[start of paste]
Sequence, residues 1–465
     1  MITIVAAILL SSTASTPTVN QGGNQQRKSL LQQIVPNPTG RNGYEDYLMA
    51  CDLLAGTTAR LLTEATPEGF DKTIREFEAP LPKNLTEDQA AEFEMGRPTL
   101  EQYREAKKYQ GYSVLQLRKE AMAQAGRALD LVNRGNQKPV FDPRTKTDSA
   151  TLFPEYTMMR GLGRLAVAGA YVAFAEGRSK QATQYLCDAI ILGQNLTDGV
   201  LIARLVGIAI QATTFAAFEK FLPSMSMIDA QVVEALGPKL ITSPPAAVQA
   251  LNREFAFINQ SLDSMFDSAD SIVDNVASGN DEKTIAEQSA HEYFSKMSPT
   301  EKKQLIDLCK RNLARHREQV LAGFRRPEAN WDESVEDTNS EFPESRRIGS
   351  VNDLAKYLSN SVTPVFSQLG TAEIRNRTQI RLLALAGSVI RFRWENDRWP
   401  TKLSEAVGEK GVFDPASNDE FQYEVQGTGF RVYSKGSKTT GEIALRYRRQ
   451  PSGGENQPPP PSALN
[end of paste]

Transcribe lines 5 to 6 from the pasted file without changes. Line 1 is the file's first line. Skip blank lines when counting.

   151  TLFPEYTMMR GLGRLAVAGA YVAFAEGRSK QATQYLCDAI ILGQNLTDGV
   201  LIARLVGIAI QATTFAAFEK FLPSMSMIDA QVVEALGPKL ITSPPAAVQA